Saturday, April 4, 2015
Kyrö Distillery Company: where the Rye evolves
When you drive to Isokyrö you know you are at the countryside. The vast fields accompany the more or less lonely road more often than random forests. This is the are where the fields (almost) reach the horizon, people are proud and their shoulders fit in only because they built their houses and doors big. It is the Pohjanmaa and you can check the map for the exact location: https://goo.gl/maps/H6WLd
What is the Kyrö Distillery Company? You can read about them from their web site ( http://www.kyrodistillery.com/ ) but put in short: they are a fresh company (founded 2013/2014, started their production 2014) who are producing 100% pure Finnish single malt rye whisky. At this point it is on the new make level, but 2017 the first three years old Rye whisky will see the sunrise. They are in a good competition spot since there isn’t that much production of the pure 100% rye malt whisky. Usually 51% of the rye is enough to call it a rye and distilleries tend to use that option. The Rye is hard to work with, but if you go through the pain and wait you will get amazing results. KDC also produces two main varieties of Gin, which are remarkable good and tasty. My recent blog post about Verso can be read here: http://savuista.blogspot.fi/2015/03/kyro-verso-young-distill-growing-its.html
But first, let’s get back in time to the year 1714. KDC’s first Gin was named Napue, which is the name of the village where the distillery is located. It is also the place, where a big historical event happened 301 years ago: the battle of Storkyro, or the battle of Napue. The Russian’s had fought their way to almost west side of the Finland. Finland was part of Sweden in those days, but all those great victories Swedish had during their 30 year war did not help anymore. Since the defeat in Poltava they had been retreating. And despite that the majority of Swedish force was made of tough Finns the Russians were victorious on the battle and thus on the big war. It was a sad day to the region, since Russians burned down the village and it’s nearby buildings and majority of men were killed during the fight and in the aftermath. The story following the battle is tragic and sad, if you are interested about that history please read http://en.wikipedia.org/wiki/Battle_of_Storkyro. The events burned deep into soul of these people. The memorial was finally built 1920 – just a few years after Finland gained it’s independence.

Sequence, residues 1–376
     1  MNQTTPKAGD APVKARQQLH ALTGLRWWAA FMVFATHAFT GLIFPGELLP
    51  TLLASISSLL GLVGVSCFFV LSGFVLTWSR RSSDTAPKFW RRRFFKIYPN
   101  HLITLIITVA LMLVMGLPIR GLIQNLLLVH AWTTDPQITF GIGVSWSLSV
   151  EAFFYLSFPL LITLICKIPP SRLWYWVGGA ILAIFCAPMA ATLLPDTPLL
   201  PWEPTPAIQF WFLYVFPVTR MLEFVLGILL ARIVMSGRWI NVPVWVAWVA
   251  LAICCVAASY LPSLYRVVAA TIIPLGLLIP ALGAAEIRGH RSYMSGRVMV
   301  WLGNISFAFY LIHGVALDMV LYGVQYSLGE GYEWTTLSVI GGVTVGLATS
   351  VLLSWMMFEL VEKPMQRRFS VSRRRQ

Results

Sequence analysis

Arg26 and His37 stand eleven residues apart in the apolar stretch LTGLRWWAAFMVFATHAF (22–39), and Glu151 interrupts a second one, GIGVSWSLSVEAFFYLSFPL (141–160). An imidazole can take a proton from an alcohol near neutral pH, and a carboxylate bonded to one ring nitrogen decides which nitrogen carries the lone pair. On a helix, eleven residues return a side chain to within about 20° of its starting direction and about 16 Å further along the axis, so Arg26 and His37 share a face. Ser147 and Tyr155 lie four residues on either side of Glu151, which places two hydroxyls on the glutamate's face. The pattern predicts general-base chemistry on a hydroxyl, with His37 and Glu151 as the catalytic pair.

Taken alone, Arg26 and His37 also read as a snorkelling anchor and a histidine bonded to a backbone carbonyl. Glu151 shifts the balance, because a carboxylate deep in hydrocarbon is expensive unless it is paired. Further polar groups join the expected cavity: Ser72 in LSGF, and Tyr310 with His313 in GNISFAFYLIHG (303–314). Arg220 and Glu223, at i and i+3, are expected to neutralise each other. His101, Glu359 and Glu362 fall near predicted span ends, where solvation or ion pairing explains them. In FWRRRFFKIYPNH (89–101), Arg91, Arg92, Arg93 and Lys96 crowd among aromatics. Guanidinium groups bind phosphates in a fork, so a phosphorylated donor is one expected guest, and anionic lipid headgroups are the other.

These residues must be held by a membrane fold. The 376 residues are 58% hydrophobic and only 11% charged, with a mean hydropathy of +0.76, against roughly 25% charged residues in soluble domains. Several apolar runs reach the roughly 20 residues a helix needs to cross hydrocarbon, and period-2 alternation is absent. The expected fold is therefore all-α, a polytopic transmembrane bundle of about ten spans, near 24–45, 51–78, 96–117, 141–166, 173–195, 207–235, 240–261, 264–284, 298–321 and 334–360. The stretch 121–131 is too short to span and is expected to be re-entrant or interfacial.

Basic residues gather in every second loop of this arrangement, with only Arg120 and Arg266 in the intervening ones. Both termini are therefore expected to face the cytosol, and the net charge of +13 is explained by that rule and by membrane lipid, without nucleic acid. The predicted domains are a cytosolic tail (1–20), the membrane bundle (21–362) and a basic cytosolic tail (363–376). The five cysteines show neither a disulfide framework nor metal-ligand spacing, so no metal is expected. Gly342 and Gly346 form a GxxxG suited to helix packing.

The Napue suspension bridge is the oldest one in Finland that is still in use. It was constructed 1909-1910.
The distillery as viewed from the suspension bridge. It is on the left behind one more modern house.
The distillery itself has also some historical merits by itself. It was built as a cooperative dairy in 1908. The dairy produced a famous everyday Finnish cheese Oltermanni for over a couple of decades – revealing the origin the name of the road leading there. The building is beautiful and has remained a lots of it’s old fashioned facet.
The interior of the building are more or less renovated – and the work goes on. The rye they grind is one of the best I’ve tasted: very strong and there is a strong sense of a threshing barn in them. The aim is to use more local rye in the future, which would be a great chapter to the tale.
The production facilities are compact and after cutting off heads and tails they produce roughly 300 liters of new make in one batch (200 liters of pure alcohol).
New mash in production. The mashing and fermenting takes six days to complete, due to low temperature and careful process which provides more taste than the haste.
The maturation is done in a small new oak casks to accelerate the process. Once the new storage areas are completed, they can provide even a better and more stable environment for the whisky to gain it’s final form.
The next warehouse, at this point a bit of work is required before casks can be rolled in.
The next next warehouse, that is going to require a few more hours before it is ready.
The bottling is done by hand at this point. Demonstrated with a empty bottle.
It is all handcraft work.
The bottle would be ready for labeling. All labels have been numbered earlier by hand.
..and it would be ready to shop out.
There are much more to tell about the RyeRye and crazy Finns who like to think Rye out of the box. I really appreciate their style, attitude and effort they put in their work. While I am a big fan of smoky drams, KDC rye is interesting and captivating. It is strong and tasty (some batches are better than others) and produces a long finish. It is not subtle, but does things on the rough cut way. Both Rye whisky and their Gin provide themes and tastes of Finland: the nature and the toughness. These are not for somebody who want their experiences to be gentle, smooth and indifferent. The rye is good. I will continue to blog about the Distillery and their drams on the later date: it is amazing how much inspiration one visit there can generate. Kippis!